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GPs to be measured on managing transition of young people to adult care services

GPs will be measured on how well they support young people who are disabled or have long term health needs in their transition from child to adult care services, the CQC has said.

The chief inspector of primary care, Professor Steve Field, said GPs had a role to play in ensuring that young people do not fall through the gap between children’s services – which offer support for mobility, breathing or pain relief, among other things – and their adult versions, which often fail to provide the same support.

A new report from the regulator stresses that they will mark GPs down if they fail to provide the support these young people when the practices are inspected.

Professor Field said that hospital consultants need to work more closely with GPs to ensure that families are supported during the transition to using adult services.

The CQC’s report – which was based on interviews with 180 families and 23 inspections -  found that some GPs are left out of the loop because families rely mostly on secondary care until their children reach 16, but that GPs should become more involved at an earlier stage to plan for transition.

A CQC statement said: ‘As part of CQC’s new approach to inspection which will begin from October, CQC will investigate transition arrangements when it visits primary and community healthcare services. Its findings will be reflected in the overall rating – of outstanding, good, requires improvement, or inadequate – that CQC will award to services. These ratings will celebrate best practice and hold providers to account to make improvements.’

Professor Field said: ‘Despite plenty of guidance being available on what good transition planning and commissioning should look like there continues to be a significant shortfall between policy and practice. In particular, general practice has a role to play as the single service that does not change when a young person becomes an adult.’

NICE is currently developing guidance for health and social care professionals in helping families during the transition. Deputy chief executive Gillian Leng said: ‘For many young people on the cusp of adulthood, moving between health and social care services can be a tumultuous and stressful time.’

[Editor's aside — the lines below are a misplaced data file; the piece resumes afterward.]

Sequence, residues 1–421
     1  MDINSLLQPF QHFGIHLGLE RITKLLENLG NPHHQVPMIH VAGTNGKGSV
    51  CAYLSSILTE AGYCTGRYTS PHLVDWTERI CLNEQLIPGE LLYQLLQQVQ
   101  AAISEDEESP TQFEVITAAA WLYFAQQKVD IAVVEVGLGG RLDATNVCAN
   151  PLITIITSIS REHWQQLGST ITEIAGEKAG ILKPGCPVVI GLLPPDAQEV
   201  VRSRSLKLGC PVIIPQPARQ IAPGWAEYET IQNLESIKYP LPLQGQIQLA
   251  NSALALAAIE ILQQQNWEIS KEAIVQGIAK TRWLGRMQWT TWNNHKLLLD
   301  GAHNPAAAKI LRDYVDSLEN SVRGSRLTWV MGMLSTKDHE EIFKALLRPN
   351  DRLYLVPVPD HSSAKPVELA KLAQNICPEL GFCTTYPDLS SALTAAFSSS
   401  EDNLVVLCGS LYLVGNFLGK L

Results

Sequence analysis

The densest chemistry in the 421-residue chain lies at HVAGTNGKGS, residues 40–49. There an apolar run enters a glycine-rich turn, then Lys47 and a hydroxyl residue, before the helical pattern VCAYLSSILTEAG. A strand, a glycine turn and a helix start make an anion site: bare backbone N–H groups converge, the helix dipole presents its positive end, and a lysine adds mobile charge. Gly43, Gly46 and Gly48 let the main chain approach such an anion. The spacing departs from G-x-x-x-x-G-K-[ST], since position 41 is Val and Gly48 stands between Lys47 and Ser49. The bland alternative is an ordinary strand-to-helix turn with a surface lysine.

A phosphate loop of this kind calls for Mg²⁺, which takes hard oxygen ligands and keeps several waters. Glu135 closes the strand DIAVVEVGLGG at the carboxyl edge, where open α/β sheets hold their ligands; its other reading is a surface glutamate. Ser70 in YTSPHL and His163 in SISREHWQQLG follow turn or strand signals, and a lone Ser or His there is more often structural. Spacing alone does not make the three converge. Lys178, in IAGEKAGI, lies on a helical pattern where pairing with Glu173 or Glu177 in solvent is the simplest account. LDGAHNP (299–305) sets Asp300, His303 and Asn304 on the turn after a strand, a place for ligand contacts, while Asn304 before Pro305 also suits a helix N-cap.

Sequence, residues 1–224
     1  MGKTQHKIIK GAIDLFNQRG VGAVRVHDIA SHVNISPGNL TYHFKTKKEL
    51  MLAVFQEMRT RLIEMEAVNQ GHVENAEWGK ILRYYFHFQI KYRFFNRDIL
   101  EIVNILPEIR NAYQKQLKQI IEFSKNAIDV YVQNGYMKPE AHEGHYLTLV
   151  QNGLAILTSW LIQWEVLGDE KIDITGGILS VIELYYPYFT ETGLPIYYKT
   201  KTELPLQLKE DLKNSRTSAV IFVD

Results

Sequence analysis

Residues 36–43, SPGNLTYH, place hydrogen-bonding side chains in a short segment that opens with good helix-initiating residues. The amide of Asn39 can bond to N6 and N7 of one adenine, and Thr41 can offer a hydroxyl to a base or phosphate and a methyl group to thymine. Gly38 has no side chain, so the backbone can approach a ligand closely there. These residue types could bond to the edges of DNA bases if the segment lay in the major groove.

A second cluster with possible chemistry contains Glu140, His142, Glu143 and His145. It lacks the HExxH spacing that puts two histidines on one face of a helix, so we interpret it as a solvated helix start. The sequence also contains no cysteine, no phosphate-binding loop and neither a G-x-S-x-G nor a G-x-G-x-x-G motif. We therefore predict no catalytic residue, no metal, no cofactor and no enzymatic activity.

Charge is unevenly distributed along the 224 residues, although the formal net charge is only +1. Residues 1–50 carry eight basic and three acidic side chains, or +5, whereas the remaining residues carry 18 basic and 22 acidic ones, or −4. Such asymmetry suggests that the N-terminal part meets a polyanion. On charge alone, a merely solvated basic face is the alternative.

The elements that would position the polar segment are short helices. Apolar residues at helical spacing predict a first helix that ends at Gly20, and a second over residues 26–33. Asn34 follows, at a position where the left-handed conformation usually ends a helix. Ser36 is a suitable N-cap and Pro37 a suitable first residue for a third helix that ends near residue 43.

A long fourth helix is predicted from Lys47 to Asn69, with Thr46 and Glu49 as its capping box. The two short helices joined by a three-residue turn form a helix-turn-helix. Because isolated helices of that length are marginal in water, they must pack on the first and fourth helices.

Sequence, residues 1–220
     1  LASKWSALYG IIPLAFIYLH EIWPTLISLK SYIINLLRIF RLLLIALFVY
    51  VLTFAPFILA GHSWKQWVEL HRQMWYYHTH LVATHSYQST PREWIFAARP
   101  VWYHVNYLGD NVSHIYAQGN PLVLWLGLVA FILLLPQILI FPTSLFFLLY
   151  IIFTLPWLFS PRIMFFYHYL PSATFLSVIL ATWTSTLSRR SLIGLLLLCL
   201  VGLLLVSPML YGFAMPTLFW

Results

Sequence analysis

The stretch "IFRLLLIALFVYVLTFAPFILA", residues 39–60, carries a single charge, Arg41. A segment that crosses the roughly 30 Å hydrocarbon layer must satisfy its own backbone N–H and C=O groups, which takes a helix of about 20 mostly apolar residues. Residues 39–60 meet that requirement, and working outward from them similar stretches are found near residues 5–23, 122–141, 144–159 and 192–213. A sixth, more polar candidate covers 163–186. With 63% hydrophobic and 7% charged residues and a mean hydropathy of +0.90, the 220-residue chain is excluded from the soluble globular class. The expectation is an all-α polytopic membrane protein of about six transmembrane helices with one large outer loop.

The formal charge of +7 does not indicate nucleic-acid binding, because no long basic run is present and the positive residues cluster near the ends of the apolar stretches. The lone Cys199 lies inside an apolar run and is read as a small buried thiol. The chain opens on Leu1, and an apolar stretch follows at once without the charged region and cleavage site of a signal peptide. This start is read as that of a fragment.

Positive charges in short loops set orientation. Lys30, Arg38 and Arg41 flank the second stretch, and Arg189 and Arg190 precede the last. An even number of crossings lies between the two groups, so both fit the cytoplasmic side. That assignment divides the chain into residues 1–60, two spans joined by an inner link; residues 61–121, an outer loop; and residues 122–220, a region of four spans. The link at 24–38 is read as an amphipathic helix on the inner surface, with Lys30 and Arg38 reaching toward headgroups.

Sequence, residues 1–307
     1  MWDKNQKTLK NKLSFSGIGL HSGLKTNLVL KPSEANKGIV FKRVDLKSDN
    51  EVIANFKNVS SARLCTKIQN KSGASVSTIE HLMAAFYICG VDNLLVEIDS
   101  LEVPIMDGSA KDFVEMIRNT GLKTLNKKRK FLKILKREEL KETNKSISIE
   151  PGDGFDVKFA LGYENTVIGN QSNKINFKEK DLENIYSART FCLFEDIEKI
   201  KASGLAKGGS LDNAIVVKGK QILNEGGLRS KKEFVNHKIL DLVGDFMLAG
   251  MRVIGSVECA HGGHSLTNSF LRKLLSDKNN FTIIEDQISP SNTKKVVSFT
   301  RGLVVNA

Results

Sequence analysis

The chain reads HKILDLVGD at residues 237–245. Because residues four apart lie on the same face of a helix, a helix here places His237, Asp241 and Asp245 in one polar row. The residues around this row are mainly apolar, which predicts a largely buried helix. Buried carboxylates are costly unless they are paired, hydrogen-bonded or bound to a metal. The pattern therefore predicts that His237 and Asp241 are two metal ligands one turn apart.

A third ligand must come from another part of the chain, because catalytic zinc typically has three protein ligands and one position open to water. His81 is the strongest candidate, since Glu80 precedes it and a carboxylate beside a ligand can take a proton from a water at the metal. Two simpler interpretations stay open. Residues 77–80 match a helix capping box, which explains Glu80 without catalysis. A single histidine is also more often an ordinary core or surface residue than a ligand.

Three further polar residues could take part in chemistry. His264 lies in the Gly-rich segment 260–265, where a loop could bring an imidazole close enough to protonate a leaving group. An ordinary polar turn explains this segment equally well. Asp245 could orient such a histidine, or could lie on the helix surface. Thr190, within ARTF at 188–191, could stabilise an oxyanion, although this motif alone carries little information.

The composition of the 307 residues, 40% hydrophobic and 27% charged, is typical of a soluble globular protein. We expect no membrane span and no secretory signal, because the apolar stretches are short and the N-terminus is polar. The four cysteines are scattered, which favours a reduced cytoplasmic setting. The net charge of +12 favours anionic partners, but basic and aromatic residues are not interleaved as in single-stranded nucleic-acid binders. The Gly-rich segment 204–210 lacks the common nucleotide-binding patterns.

Care and support minister Norman Lamb said care for young people should not reach a ‘cliff edge’ at age 18, where services are suddenly not available to them.

Readers' comments (16)

  • So we'll be judged on something we can do little about?

    eg lack of adult services. lack of planning by childrens services.

    Perhaps we should scrap the idea of childrens vs adults altogether and make it one - after all seems work well in diabetes where it's done.

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  • Is Prof Field meeting with every interest group and saying- 'that's a good idea I'll expect that from GPs and inspect that.'
    Although I agree that the issue is important measuring and inspecting is going to result in a dust gathering file. Perhap we are being measured on the 'rack of inspection' that seems to pour from CQC, NHSE CCGs Monitor etc...
    Perhaps CQC should really concentrate on quality and demand a maximum of 30 pts a day and no more hours than would be expected of a pilot.

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  • Yep, yet another idea, another performance management whip, which fails to acknowledge the fundamental resourcing issues, excess of unplaced and unwarranted demand (just because the NHS is 'free' doesn't mean it should deal with every ill in the world!)....patients who need access to GPs struggle because of the amount of trivial dribble people bring to fill GP appointments with!

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  • Sorry, what has this got to do with general practice?

    Yes, I'll be happy to help and agree a smooth transition should take - but it is essentially a problem between 2 secondary care services (i.e. not controlled by GPs) which is the cause of the problem.

    May be Prof Field will soon inspect the GP practices and mark us down for CQC's failure to spot the dangers in North Staff hospital as well (GPs should have ensured the CQC is acting adequately so they can be inspected properly).........

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  • Sounds like a specialist service to me

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  • What utter horse dung. Perhaps we can insert a broom and sweep the corridors of whitehall as we pass.

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  • Bloody brilliant - more targets which are totally beyond our control

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  • GPs are responsible for everything..didn't you know that?

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  • or in summary "GPs to be blamed for services which have never existed not existing".

    It is soon to be announced that GPs will be responsible for providing resurrection, alchemy, teleportation and money from trees services.

    It is also understood that for a reduction in our overall "pay envelope" the GPC has negotiated that we will provide those hoverboards from that "Back to the Future" movie....and we will drive our patients to the teleportation booth so they can pick them up.

    Only with this kind of joined up thinking can we deliver patients what they want.

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  • "The CQC’s report – which was based on interviews with 180 families and 23 inspections"

    So very scientific given there are, I am told, 8230 Practices in England and around 15 million families.

    Aside from that is this not a commissioning issue?

    Does Field and CQC have a clue? No answers on postcards please, I think we all know the answer to that one

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